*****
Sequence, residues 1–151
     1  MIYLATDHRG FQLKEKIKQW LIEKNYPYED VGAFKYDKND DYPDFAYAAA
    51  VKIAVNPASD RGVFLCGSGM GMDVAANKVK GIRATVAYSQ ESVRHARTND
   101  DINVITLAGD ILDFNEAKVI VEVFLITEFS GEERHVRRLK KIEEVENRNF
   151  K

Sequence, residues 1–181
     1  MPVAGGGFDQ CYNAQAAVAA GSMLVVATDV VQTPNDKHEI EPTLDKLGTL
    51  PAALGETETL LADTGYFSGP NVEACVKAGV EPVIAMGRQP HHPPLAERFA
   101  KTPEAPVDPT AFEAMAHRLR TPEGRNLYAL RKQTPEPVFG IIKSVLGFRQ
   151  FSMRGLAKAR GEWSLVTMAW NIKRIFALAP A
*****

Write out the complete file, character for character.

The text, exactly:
Sequence, residues 1–151
     1  MIYLATDHRG FQLKEKIKQW LIEKNYPYED VGAFKYDKND DYPDFAYAAA
    51  VKIAVNPASD RGVFLCGSGM GMDVAANKVK GIRATVAYSQ ESVRHARTND
   101  DINVITLAGD ILDFNEAKVI VEVFLITEFS GEERHVRRLK KIEEVENRNF
   151  K

Sequence, residues 1–181
     1  MPVAGGGFDQ CYNAQAAVAA GSMLVVATDV VQTPNDKHEI EPTLDKLGTL
    51  PAALGETETL LADTGYFSGP NVEACVKAGV EPVIAMGRQP HHPPLAERFA
   101  KTPEAPVDPT AFEAMAHRLR TPEGRNLYAL RKQTPEPVFG IIKSVLGFRQ
   151  FSMRGLAKAR GEWSLVTMAW NIKRIFALAP A